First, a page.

By Robert Higgs, Consortium News, Sep. 7, 2011
After the Japanese government surrendered to the Americans and their allies in 1945, the U.S. military occupied the Japanese home islands and ruled the nation for several years. In due course, however, Japan’s situation was normalized, and, moreover, in 1946 the Japanese adopted a new constitution that renounced war as an instrument of national policy.
The constitution read: “Aspiring sincerely to an international peace based on justice and order, the Japanese people forever renounce war as a sovereign right of the nation and the threat or use of force as means of settling international disputes.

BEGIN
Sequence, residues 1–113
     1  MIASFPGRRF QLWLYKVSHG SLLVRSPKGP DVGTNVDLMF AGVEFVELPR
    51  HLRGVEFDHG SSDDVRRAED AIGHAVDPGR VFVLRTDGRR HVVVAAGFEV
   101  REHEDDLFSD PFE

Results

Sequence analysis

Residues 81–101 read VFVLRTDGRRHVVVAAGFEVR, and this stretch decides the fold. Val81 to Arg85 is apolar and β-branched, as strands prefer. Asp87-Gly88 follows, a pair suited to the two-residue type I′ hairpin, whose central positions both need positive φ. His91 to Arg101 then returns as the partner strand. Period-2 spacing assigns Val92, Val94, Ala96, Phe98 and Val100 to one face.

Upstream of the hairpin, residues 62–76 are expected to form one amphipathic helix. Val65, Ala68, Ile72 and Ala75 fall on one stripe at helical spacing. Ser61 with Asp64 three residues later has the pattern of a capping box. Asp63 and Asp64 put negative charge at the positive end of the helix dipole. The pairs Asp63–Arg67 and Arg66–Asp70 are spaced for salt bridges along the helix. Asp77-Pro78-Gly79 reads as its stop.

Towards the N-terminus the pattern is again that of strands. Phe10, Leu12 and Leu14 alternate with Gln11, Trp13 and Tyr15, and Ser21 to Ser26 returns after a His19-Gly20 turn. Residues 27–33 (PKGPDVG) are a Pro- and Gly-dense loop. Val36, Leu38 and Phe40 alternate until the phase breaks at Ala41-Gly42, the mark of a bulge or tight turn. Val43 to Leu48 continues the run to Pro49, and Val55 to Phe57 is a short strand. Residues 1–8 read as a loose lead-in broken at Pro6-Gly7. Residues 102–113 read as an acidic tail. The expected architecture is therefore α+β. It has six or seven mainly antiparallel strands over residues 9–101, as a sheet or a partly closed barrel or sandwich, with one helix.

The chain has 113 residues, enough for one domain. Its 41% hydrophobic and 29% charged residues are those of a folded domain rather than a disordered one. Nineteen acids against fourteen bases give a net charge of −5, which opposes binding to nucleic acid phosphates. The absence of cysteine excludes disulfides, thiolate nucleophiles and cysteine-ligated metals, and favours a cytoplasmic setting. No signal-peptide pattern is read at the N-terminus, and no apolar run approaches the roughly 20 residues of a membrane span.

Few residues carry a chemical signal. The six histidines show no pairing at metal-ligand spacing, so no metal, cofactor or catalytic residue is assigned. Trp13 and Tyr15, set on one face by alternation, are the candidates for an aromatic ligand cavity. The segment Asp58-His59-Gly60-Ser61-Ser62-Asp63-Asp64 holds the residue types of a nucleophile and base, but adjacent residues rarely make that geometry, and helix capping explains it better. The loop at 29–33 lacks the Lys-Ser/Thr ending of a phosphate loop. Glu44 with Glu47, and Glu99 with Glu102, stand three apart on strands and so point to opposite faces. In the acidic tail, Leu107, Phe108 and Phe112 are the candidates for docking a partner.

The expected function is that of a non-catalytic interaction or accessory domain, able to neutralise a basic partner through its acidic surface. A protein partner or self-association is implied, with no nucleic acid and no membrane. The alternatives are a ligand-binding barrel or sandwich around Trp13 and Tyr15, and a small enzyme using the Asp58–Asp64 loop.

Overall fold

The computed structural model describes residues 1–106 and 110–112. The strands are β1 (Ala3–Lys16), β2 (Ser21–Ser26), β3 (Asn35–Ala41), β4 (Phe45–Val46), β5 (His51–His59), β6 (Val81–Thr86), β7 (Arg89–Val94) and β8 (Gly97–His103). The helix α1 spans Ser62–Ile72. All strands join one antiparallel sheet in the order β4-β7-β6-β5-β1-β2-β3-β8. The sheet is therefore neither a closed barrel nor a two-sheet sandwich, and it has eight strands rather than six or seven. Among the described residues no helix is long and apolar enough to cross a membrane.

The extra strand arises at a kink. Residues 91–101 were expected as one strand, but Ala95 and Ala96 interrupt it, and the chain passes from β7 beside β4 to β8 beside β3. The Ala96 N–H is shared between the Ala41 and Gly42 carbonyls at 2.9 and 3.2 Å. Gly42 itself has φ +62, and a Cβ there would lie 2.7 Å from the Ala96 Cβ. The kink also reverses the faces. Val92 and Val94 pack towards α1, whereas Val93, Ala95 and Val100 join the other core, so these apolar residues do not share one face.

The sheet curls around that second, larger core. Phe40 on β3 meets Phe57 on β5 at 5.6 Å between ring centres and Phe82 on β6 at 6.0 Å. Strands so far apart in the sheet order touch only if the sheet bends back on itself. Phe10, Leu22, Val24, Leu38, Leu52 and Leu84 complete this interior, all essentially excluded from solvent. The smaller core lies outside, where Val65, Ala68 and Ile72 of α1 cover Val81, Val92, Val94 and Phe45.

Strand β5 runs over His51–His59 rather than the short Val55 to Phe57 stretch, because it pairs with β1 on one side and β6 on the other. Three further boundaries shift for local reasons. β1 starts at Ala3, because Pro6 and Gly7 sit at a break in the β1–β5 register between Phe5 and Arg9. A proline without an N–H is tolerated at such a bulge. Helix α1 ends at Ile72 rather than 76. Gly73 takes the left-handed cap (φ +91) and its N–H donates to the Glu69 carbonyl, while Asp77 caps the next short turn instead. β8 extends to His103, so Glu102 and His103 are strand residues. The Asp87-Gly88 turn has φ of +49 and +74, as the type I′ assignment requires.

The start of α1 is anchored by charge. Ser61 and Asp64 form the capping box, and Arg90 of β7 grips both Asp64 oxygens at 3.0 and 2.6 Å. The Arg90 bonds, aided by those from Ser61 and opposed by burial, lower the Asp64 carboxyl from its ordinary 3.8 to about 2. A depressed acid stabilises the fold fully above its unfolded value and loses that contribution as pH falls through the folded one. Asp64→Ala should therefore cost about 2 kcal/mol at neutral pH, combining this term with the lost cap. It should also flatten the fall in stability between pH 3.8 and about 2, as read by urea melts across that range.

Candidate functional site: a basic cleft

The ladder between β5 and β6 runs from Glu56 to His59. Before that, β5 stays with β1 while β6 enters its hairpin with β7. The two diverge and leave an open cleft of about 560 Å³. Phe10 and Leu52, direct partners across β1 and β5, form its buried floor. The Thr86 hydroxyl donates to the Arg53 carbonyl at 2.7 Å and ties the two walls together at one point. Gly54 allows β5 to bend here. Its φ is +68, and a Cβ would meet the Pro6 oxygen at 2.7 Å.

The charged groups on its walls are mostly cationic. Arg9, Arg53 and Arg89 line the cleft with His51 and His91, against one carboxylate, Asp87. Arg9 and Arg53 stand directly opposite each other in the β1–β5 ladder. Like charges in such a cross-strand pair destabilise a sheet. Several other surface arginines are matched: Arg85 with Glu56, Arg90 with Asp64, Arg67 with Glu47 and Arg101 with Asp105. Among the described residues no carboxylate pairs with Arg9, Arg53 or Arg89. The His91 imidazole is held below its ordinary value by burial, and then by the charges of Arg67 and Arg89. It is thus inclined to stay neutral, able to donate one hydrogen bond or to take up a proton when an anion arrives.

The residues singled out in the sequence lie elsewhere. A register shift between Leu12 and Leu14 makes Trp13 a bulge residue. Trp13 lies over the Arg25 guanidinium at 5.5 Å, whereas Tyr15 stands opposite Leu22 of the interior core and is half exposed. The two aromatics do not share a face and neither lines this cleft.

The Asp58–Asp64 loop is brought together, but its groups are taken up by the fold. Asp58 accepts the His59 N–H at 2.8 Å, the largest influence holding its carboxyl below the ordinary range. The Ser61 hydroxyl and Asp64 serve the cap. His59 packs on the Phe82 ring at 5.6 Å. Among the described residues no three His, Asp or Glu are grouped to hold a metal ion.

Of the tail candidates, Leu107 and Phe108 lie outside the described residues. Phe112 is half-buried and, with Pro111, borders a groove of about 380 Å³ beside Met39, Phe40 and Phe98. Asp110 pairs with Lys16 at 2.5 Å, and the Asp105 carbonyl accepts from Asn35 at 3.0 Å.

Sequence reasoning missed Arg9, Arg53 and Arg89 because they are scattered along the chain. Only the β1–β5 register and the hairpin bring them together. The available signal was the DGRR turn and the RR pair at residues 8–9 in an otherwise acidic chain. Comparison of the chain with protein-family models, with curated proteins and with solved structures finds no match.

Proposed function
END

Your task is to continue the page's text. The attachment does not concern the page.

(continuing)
“In order to accomplish the aim of the preceding paragraph, land, sea, and air forces, as well as other war potential, will never be maintained. The right of belligerency of the state will not be recognized.”